Financial Times

CIMA/ICMA - Accounting qualification battle rages on

By Natasha Gunaratne

The clash over the use of accreditations between the Chartered Institute of Management Accountants (CIMA) and the Institute of Certified Management Accountants (ICMA) is still raging following ICMA’s incorporation under an act of Parliament in April this year.

The issue is over the use of the Fellow and Associate qualification, FCMA and ACMA, which is used by CIMA but after the incorporation, is also being used by ICMA.

CIMA has filed a complaint with the Consumer Affairs Authority (CAA), saying the use of the same designations would cause confusion. CIMA CEO Bradley Emerson told the Sunday Times FT this week that they have yet to hear back from the CAA. He also said that the use of qualifications, FCMA and ACMA, cannot be exclusively used by ICMA.

According to the ICMA Act No. 23 of 2009, section 6(1) states that no person shall take or use any title either by description or abbreviation or the logo of the Institute, unless such person is eligible under section 5 which deals with the classification of members and the use of FCMA, ACMA and the title ‘Certified Management Accountants’. Section 6(2) states that any person who contravenes these provisions shall be guilty of an offence.

At the 6th ICMA graduation ceremony held on Monday, ICMA President Lakshman Watawala said foreign institutes want to treat Sri Lankan institutes with ridicule and degrade them. He said it was unprofessional for bodies operating outside their own territories to conduct themselves in this manner.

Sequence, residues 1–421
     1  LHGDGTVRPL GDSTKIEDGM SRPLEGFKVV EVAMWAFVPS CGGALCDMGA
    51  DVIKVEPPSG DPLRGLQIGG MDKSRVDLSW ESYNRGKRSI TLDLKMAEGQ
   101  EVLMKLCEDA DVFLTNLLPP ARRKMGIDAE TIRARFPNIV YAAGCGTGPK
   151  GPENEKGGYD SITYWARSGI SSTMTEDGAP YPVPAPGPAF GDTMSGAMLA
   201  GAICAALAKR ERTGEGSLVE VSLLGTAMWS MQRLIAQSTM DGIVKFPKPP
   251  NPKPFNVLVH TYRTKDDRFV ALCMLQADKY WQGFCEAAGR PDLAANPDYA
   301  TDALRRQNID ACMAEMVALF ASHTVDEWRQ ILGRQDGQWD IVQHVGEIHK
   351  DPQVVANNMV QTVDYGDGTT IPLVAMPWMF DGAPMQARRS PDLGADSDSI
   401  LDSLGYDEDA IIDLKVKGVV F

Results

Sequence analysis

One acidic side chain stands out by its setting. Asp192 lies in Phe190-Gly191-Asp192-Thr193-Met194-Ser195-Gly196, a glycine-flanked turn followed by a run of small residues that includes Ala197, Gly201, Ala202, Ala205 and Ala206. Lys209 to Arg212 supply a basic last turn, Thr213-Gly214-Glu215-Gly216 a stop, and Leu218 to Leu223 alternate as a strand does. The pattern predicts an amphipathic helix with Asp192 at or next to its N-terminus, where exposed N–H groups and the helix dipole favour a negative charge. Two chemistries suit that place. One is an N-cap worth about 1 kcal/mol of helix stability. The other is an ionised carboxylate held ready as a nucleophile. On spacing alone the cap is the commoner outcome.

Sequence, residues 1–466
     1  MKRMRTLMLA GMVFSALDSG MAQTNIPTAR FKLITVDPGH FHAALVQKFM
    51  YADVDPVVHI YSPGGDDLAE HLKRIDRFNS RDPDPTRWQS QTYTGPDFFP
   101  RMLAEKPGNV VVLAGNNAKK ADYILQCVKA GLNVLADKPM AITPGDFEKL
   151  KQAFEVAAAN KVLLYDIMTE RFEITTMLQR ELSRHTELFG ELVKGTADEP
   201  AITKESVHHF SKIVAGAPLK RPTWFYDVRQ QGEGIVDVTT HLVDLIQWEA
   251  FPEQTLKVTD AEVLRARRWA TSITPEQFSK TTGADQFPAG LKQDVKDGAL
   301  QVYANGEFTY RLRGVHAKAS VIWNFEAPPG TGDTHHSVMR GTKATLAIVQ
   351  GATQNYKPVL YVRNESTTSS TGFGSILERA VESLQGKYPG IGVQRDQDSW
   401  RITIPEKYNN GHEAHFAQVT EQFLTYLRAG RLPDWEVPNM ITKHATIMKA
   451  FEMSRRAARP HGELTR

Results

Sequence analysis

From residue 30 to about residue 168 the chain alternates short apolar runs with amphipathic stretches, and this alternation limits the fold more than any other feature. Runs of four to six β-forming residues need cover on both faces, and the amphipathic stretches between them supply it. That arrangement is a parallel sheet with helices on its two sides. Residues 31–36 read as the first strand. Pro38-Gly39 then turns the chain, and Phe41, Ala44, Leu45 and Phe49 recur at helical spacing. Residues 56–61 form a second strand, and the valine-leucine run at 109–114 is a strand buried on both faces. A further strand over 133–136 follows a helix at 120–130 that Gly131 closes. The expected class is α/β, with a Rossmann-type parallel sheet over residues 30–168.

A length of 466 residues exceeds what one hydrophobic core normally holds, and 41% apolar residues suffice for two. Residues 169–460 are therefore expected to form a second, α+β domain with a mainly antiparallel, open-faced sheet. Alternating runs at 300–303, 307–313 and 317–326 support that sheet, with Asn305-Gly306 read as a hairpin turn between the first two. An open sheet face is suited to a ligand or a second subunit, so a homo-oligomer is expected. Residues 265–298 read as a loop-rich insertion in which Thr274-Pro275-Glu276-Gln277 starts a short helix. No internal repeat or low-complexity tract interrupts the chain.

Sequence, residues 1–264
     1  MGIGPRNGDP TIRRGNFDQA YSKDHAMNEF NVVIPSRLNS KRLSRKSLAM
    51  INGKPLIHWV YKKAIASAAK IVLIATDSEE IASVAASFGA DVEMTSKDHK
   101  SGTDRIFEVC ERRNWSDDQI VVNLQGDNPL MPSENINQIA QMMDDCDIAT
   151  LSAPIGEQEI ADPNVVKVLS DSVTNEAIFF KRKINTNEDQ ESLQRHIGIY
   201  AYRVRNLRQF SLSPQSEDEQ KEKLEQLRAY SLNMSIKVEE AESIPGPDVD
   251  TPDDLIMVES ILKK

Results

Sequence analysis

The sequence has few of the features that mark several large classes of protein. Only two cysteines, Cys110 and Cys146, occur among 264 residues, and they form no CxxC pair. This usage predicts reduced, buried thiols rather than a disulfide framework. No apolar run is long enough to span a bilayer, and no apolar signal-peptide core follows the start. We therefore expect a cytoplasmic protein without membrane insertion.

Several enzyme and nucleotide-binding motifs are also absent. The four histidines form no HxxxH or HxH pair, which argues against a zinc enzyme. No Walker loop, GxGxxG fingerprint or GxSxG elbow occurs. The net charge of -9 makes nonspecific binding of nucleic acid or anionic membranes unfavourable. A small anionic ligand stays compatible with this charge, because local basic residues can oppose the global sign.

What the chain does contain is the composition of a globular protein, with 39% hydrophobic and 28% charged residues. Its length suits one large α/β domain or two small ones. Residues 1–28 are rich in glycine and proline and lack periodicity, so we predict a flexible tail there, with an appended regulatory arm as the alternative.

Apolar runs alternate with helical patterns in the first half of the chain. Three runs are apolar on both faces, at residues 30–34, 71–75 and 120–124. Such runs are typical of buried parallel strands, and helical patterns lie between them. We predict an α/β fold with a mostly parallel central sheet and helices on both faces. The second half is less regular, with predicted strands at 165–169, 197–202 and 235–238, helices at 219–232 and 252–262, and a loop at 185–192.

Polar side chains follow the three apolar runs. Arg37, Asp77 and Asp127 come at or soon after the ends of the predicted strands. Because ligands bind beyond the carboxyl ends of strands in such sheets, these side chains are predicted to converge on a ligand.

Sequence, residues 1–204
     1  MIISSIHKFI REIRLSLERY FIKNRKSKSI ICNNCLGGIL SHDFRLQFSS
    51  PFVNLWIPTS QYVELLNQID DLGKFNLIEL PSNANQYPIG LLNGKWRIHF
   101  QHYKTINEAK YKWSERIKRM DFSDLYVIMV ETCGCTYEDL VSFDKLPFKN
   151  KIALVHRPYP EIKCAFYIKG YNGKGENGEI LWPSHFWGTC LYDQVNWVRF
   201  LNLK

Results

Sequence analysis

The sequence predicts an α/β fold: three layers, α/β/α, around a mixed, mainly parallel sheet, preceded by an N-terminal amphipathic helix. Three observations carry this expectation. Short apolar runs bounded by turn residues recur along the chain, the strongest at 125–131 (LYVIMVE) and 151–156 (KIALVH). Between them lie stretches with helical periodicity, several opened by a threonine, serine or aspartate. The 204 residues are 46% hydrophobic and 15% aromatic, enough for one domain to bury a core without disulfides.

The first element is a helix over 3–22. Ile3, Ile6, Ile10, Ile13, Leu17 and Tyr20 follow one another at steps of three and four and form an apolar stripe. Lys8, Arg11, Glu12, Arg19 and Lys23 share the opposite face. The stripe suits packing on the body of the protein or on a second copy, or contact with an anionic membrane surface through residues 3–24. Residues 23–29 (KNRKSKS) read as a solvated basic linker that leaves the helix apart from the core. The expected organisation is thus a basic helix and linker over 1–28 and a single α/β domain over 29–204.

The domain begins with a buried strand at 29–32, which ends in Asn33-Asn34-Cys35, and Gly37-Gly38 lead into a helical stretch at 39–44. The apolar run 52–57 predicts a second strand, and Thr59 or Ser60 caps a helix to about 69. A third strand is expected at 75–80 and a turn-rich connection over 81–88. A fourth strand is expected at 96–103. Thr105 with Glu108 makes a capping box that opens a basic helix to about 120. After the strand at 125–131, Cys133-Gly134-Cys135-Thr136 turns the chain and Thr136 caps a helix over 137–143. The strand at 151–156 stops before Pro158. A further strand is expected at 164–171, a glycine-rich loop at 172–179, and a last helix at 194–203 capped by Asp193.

Mr. Watawala said the new designations for ICMA members as per the Act No. 23 of 2009 consists of Fellow with the title FCMA and Associates with the title ACMA. “This is similar to the global practices in India, Bangladesh, Pakistan, UK and Canada and similar to the BSc or BA qualifications granted by local and foreign universities. This principle will require the country of origin, if it is other than Sri Lanka to be given after their designation,” he said.

“This same principle was applied to the Institute of Chartered Accountants of Sri Lanka when it was set up in 1959 when the ACA title was used only by those who had qualified from the UK but after incorporation of the local institute, it used ACA/FCA and the English institute had to indicate their origin within brackets, in this instance England and Wales.”

Mr. Watawala said a new era has dawned for the management accounting profession in Sri Lanka with the incorporation of ICMA by an act of Parliament. “All this time, we were dependent on foreign management accounting qualifications with no official recognition by the government.”

He added that ICMA will provide a professional qualification to those in all parts of the country, benefiting the youth and development of the business sector in Sri Lanka.

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